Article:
Rita Fan Hsu Lai-tai, Hong Kong’s sole representative to the NPCSC, said the policy relaxation is a clear gesture by the central government to “pan-democrats” that as long as they don’t advocate separatism, there is room for communication between them and Beijing.
Regular talks expected between the central government and members of Hong Kong’s opposition camp may boost support and reduce tension in the city, enabling it to fully implement the “One Country, Two Systems” policy, local political analysts said.
The move on Wednesday to relax mainland travel permit application by members of the opposition camp in Hong Kong, who had been denied such permits before, also showed that the central government had stayed true to a very serious commitment to regularize communications with “pan-democrats”, the analysts noted.
Vice-president of Beijing’s top think tank on Hong Kong affairs — Chinese Association of Hong Kong and Macao Studies — Lau Siu-kai said Beijing made a clear gesture of goodwill toward Hong Kong “pan-democrats”.
“By the policy relaxation, Beijing apparently wants to improve the relationship and include them in discussions of Hong Kong’s governance as long as they support the ‘ One Country, Two Systems’ policy,” Lau said.
It is a clear demonstration to all Hong Kong people of Beijing’s magnanimity and open mind in engaging people with different political affiliations.
The new development on Wednesday was foreseeable. During a visit to Hong Kong in May by Zhang Dejiang, chairman of the Standing Committee of the National People’s Congress (NPCSC) and Beijing’s top official on Hong Kong affairs, responded positively to Hong Kong lawmakers’ suggestions that mainland travel permit restrictions was something the central government could relax.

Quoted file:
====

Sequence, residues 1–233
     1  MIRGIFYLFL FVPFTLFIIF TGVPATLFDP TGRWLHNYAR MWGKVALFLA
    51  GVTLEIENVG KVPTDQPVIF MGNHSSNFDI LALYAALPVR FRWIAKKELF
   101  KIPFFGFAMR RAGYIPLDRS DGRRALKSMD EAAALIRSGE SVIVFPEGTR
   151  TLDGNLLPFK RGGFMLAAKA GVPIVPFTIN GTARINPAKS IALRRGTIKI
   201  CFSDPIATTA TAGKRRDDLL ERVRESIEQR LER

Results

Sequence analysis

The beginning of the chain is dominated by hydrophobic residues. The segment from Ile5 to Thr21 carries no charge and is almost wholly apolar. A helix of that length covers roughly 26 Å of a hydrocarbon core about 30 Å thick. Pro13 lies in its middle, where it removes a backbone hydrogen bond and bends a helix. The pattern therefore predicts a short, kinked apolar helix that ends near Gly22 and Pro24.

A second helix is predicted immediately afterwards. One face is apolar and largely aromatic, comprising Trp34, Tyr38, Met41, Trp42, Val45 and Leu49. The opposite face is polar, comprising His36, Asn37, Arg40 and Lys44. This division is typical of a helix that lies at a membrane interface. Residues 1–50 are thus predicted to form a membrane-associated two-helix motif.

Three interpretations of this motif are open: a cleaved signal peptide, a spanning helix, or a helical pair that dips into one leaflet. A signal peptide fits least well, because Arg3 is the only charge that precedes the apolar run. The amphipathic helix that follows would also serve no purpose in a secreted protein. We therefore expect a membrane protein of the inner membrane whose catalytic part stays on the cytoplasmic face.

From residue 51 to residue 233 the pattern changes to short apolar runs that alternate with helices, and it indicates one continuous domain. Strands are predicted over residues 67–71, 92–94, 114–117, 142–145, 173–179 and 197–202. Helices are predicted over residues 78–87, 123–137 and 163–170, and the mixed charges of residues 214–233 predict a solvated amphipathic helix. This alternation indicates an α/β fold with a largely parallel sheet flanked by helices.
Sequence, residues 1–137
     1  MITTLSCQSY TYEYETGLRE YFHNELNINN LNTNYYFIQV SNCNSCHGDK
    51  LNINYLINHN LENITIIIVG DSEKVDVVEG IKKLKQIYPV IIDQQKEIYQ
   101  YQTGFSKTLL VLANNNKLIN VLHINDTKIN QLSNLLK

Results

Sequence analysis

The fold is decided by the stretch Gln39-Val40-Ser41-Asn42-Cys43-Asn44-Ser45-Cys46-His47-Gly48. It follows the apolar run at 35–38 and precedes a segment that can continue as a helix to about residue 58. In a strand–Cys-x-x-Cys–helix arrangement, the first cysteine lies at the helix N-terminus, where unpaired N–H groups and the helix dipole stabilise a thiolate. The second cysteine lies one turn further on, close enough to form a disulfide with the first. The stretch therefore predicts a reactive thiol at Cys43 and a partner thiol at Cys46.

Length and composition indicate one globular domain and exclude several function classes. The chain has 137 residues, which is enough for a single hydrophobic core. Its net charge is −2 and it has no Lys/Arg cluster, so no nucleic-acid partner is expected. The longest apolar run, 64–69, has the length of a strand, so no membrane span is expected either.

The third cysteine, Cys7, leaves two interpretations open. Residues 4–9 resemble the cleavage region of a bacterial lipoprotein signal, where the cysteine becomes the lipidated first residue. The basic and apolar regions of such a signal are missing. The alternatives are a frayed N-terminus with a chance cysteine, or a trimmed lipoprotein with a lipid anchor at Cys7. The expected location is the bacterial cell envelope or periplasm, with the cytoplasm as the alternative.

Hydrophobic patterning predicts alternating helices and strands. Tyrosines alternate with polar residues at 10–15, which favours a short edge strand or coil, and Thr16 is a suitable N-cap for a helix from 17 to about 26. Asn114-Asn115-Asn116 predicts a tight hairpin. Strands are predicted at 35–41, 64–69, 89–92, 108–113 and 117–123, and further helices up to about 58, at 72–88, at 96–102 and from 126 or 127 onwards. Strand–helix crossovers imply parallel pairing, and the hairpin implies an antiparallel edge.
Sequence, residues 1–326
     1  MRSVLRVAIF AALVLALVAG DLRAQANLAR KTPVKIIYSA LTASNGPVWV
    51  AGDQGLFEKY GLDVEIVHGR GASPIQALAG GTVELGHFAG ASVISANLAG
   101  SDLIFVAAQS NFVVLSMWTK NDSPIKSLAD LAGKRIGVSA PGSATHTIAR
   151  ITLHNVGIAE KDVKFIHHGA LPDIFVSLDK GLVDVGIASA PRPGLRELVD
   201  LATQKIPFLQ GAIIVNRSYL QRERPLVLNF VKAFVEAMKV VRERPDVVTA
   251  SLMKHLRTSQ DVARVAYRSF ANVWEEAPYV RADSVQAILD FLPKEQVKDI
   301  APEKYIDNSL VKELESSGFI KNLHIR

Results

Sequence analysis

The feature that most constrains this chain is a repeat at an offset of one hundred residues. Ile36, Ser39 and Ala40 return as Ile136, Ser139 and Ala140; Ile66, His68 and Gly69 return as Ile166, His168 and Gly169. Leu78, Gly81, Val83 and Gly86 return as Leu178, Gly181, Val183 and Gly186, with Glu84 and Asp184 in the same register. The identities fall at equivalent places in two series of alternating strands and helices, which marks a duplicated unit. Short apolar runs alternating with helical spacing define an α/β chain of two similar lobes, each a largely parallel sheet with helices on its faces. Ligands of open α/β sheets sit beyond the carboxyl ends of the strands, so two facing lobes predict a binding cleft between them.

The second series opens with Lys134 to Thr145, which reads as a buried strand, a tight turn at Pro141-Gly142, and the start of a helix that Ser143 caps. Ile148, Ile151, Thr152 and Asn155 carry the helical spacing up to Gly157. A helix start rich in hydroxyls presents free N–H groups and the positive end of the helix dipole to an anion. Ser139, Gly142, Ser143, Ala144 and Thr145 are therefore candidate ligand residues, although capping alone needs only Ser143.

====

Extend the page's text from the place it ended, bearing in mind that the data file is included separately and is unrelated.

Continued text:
Lau said he hoped the opposition would appreciate the sincerity of the central government and seek more opportunities to meet Beijing officials regularly.
The timing indicates the central government has greater confidence that members of the opposition would soften or change some views toward the mainland after they visit there.
“Eventually they may adjust their approach and stop confrontation with Beijing authorities,” Lau predicted.
Veteran commentator Song Sio-chong said the relaxation of entry permit applications could be seen as drawing a line between separatists and those who support “One Country, Two Systems” policy and uphold the Basic Law.
Standing firm against separatism and uniting as many people as possible in the city means a wider support base for “Hong Kong people administering Hong Kong” principle.
Local political analyst Lau Yui-siu called for more positive interaction between the central government and the city’s opposition lawmakers.
If Hong Kong society does not respond positively to Beijing, and if the opposition lawmakers refuse to return the goodwill, things may deteriorate, Lau said.
To make the interaction stable and build up mutual trust, Lau said communication could be developed in a systematic way. Instead of a meeting with the SAR’s opposition lawmakers in Beijing, the capital city, it would be better to first arrange meetings elsewhere on the mainland.
Similarly, they could meet via non-official activities, in a personal capacity, and discuss economic and social development issues first, before they meet officially and discuss difficult political issues, Lau suggested.